Antibiotics can destroy acne-causing skin bacteria and reduce redness and inflammation. They are commonly used in combination with a retinoid and/or acne treatment cream.

For those who have used these treatments or others but are still coping with acne, consult with a dermatologist. At this time, a dermatologist can evaluate their patient’s acne and offer a personalized treatment recommendation.

A dermatologist tailors an acne treatment plan to their patient. So, there may be times when a dermatologist recommends Isotretinoin. Or, the dermatologist can recommend Accutane alternatives.

What Are the Best Accutane Alternatives?

The best alternatives to Accutane treatment include:

1. Blue Light Therapy

Blue light therapy is a non-surgical treatment that uses blue light to destroy acne-causing bacteria on the skin. The therapy can treat acne and stop an outbreak. However, questions persist about the effectiveness of blue light therapy.

Research indicates blue light therapy may be beneficial when it is used in combination with a secondary acne treatment. Yet, the therapy may only deliver short-term acne relief when it is performed on its own.

2. Chemical Peel

A chemical peel can be used to exfoliate the skin. It can prevent dead skin cells and excess oil from clogging hair follicles. As a result, a chemical peel can be used to reduce acne.

3. Drainage and Extraction

A doctor can use special tools to remove whiteheads, blackheads, and cysts. This treatment can correct acne and improve the appearance of the skin. Conversely, the treatment can cause scarring.

Research has also been used to assess the use of tea tree oil, brewer’s yeast, and other forms of alternative medicines to treat acne. Some of these medicines may provide immediate acne relief. But, additional research is necessary to evaluate the safety and efficacy of alternative medicines to cure acne.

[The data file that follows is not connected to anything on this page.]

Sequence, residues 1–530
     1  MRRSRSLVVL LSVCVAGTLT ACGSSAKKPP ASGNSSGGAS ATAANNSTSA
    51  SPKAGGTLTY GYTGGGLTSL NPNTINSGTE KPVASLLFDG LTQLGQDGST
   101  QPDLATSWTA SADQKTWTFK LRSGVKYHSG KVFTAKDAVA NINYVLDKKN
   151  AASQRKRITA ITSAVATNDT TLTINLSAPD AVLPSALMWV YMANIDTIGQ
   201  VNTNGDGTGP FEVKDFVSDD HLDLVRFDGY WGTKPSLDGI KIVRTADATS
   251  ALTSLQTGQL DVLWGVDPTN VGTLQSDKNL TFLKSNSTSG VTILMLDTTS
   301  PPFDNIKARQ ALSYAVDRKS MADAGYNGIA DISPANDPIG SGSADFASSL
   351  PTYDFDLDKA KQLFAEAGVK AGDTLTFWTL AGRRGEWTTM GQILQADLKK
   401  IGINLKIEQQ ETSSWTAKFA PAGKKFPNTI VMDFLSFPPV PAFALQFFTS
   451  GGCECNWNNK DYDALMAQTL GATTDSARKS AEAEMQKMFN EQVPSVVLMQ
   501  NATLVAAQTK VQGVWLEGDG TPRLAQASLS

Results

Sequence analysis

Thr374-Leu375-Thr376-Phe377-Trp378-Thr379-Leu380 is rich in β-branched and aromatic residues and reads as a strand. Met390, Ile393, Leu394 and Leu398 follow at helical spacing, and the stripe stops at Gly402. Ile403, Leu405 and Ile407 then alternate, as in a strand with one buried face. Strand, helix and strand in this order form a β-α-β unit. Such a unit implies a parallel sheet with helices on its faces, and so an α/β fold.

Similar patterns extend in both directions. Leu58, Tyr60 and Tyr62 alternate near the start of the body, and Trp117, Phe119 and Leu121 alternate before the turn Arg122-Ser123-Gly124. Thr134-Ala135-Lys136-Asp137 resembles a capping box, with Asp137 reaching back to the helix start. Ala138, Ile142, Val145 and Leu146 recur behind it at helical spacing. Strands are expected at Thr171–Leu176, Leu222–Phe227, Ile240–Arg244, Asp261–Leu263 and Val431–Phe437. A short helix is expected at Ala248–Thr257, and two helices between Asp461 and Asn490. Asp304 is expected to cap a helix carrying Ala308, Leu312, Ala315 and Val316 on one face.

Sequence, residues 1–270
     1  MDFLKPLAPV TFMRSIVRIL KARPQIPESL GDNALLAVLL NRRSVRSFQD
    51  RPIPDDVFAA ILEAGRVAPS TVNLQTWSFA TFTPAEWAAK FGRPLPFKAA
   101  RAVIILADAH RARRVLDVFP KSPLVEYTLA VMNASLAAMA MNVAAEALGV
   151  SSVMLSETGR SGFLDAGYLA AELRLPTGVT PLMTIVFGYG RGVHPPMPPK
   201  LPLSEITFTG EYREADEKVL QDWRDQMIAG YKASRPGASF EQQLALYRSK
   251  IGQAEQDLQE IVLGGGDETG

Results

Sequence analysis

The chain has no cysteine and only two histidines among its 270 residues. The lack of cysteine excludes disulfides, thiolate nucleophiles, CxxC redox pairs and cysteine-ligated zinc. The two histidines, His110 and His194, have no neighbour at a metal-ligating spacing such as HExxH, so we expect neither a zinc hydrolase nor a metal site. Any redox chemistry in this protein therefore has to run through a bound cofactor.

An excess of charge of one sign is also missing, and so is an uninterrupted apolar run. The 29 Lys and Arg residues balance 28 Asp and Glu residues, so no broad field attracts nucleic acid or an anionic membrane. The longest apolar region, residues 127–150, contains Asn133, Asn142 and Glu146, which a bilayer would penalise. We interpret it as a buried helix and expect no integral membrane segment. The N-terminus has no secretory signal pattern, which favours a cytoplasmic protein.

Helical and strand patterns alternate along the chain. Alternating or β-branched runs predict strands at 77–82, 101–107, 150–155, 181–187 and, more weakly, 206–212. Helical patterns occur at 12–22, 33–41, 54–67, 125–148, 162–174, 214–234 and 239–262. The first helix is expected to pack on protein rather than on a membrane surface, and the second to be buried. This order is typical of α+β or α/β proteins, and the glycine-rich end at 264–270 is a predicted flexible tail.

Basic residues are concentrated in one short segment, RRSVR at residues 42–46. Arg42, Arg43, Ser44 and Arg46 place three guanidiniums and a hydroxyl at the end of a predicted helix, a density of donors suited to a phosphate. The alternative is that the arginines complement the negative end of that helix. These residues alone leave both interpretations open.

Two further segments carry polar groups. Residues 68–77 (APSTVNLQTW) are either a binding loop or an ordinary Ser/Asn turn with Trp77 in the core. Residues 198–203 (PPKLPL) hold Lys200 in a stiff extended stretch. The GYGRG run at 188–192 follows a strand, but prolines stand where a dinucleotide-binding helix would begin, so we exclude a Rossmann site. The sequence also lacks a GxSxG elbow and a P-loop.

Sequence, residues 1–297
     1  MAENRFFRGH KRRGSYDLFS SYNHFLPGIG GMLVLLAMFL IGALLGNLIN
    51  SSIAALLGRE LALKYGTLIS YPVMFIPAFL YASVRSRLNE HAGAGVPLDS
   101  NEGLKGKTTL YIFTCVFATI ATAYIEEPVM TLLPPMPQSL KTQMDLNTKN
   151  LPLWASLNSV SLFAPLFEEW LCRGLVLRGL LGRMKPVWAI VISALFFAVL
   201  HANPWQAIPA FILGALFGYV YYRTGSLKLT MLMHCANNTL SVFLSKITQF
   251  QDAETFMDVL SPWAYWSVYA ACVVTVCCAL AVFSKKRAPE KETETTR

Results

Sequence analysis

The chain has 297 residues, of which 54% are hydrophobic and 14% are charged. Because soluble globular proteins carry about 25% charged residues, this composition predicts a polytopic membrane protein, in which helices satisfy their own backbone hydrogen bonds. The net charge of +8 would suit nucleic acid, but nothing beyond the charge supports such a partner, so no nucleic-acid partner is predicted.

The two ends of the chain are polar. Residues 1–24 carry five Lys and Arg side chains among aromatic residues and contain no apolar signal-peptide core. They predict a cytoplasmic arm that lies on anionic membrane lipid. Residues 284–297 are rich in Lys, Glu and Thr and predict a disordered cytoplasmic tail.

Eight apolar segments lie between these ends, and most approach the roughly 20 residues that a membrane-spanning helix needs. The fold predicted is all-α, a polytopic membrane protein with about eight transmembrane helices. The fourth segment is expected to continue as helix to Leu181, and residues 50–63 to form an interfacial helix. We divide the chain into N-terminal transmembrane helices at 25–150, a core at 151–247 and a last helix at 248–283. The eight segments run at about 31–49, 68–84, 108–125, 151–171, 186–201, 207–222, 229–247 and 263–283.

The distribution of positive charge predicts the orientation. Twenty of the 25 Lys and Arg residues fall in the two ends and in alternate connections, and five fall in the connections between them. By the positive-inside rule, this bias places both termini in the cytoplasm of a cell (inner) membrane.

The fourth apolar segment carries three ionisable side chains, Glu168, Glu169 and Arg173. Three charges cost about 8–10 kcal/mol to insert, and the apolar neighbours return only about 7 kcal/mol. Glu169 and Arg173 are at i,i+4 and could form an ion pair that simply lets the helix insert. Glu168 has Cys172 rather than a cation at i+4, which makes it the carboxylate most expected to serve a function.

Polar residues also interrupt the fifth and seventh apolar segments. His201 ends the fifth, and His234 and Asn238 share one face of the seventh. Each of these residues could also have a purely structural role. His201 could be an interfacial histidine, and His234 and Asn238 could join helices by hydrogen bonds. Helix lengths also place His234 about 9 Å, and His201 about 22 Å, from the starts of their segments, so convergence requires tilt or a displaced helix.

Find Your Ideal Acne Treatment

Accutane for acne can be beneficial, but the treatment is not ideal for everyone. To decide if Isotretinoin is the best acne treatment, consult with Dr. Babak Azizzadeh of the CENTER for Advanced Facial Plastic Surgery in Beverly Hills.

Dr. Azizzadeh is a globally recognized facial plastic and reconstructive surgeon. He has performed many acne treatments over the years. And, Dr. Azizzadeh can evaluate a patient and determine if Accutane or another treatment option can deliver the optimal results.

Schedule an Acne Treatment Consultation with Dr. Azizzadeh

Dr. Azizzadeh has a simple goal: to help his patients achieve a balanced and natural-looking facial appearance. He can meet with a patient to discuss Accutane and other acne treatment options. Also, Dr. Azizzadeh can help a patient develop, implement, and maintain a personalized skincare regimen — and more.

If acne has been a long-term problem, Dr. Azizzadeh can provide a solution. He offers in-person acne treatment consultations in Los Angeles and virtual consultations via Zoom. That way, a patient can easily meet with Dr. Azizzadeh to explore acne treatment options. For more information or to schedule a consultation with Dr. Azizzadeh, contact us online or call us today at 310-620-3755.

Schedule a Consultation with Dr. Azizzadeh Today

Dr. Azizzadeh offers free in-person and virtual consultations to people who are considering a cosmetic procedure. To find out more, please contact us today at 310-657-2203 to schedule a consultation with Dr. Azizzadeh.